da Vinci® with simulator expands hospital's minimally invasive surgery program, offering benefits to patients, physicians and the community
AUSTIN, Texas - (Jan. 26, 2012) - Dell Children's Medical Center of Central Texas, a member of the Seton Healthcare Family, has expanded its minimally invasive surgical options for children with the newest robotic surgical system da Vinci® Si™. The technology is accompanied by a teaching simulator, bolstering Dell Children's extensive medical staff training offerings.
Dell Children's is the first free-standing pediatric hospital in Texas to acquire the latest robotic surgery device with teaching simulator.
"Dell Children's has developed a minimally invasive surgery program for children on par with other leading pediatric hospitals across the country," said Dr. Robert Schlechter, Dell Children's surgeon-in-chief.
The surgical landscape has been revolutionized by minimally invasive techniques over the last decade. These techniques-which include endoscopic, thoracoscopic, laparoscopic and robotic surgery-have helped to evolve the field of medicine offering. When medically appropriate, these techniques offer additional clinical benefits and efficiency in the operating room, with minimal disruption to patients' lives.
"Potential benefits for patients and physicians include less pain, shorter hospital stays, and better cosmetic result versus traditional surgery," Dr. Schlechter remarked.
Evidence has shown that minimally invasive procedures can also reduce hospital costs (decreased hospital length of stay) and "community" costs (caregivers return to work quicker, kids show decreased school absenteeism and less loss of state funding to schools).
Though referred to as a "robot," the da Vinci cannot act independently. Procedures are completely controlled by a trained surgeon.
"It's still our hands doing the procedure, yet, the da Vinci offers precision, dexterity and control-key factors for helping to achieve the best possible outcomes for patients," said Dr. Danielle Sweeney, pediatric urologist at Children's Urology of Central Texas and Dell Children's.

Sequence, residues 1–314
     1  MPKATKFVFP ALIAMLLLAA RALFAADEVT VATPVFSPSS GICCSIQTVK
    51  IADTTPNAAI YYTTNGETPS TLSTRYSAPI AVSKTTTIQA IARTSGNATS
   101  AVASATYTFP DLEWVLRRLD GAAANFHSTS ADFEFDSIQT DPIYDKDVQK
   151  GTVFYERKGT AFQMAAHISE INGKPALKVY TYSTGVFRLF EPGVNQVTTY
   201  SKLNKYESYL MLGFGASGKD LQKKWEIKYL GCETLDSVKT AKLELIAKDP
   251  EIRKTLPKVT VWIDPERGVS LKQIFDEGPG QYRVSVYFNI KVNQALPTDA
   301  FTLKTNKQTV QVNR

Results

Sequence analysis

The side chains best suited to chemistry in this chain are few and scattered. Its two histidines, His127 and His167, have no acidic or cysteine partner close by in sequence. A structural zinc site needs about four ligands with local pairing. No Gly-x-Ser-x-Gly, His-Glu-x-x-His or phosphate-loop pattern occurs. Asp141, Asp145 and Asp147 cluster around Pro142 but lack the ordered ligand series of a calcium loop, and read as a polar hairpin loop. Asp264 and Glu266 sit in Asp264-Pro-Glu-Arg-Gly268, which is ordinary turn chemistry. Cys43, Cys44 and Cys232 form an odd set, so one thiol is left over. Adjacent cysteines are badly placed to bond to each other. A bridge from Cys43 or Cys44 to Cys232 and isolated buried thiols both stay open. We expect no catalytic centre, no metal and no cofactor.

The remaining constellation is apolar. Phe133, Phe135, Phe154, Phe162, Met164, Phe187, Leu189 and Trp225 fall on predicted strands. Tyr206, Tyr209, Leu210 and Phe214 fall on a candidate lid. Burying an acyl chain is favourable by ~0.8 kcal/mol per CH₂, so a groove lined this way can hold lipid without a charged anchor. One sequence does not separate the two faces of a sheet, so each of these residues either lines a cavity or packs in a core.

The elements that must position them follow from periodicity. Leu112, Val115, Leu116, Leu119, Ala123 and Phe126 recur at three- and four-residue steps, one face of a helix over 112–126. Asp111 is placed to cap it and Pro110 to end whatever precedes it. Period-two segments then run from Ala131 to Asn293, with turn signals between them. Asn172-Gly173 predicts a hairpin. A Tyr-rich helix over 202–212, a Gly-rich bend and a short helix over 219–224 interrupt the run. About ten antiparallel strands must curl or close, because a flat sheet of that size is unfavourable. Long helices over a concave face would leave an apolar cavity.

The robotic surgical system seamlessly translates the surgeon's hand motions into more exact movements. The 3-D visualization, computer-enhanced motion control and increased range of motion allow for delicate surgical procedures in children to be performed with tiny keyhole incisions with enhanced precision.
(Dr. Danielle Sweeney, demonstrates the technology's teaching simulator)
The Dell Children's da Vinci is currently being used for pediatric urological procedures. Dr. Sweeney was the first pediatric surgeon in Central Texas' to be certified on the hospitals new robotic system. She has been performing robotic pediatric urologic procedures since 2009 using Seton Medical Center Austin's da Vinci robot.
"Having the the device on-site at Dell Children's will broaden its application to multiple pediatric conditions," Dr. Sweeney added.
The teaching simulator allows surgeons to use virtual needles and objects to perform a variety of training exercises and improve their proficiency before an operation.
Pediatric general surgeons are next in line to begin training on the teaching simulator, expanding robotic surgical options at the hospital to include anti-reflux operations, intestinal resections and repair of complex congenital abnormalities.
Dr. Schlechter added that another advantage of the simulator is that "the device also serves as a recruitment tool for attracting leading pediatric specialists to Central Texas."
- Dell Children's minimally invasive surgical program offers pioneering surgical therapy to infants, teens and young adults.
- The hospital's pediatric surgeons are experts in endoscopic, thoracoscopic, laparoscopic, and other minimally invasive surgical techniques for a range of thoracic and abdominal conditions including appendicitis, bowel resection, cholecystectomies, kidney reconstruction and others.
- Dell Children's is the first free-standing pediatric hospital in Texas to acquire the da Vinci® Si™ surgical system with teaching simulator.
- Data demonstrates that the use of minimally invasive and robotic surgery decreases postoperative pain, reduced length of hospitalization, improves cosmetic results, and increases patient and parent satisfaction.
The Seton Healthcare Family now has four robotic
surgical devices-da Vinci systems at Seton Medical Center
Austin, Seton Medical Center Williamson and Dell Children's and
CyberKnife at University Medical Center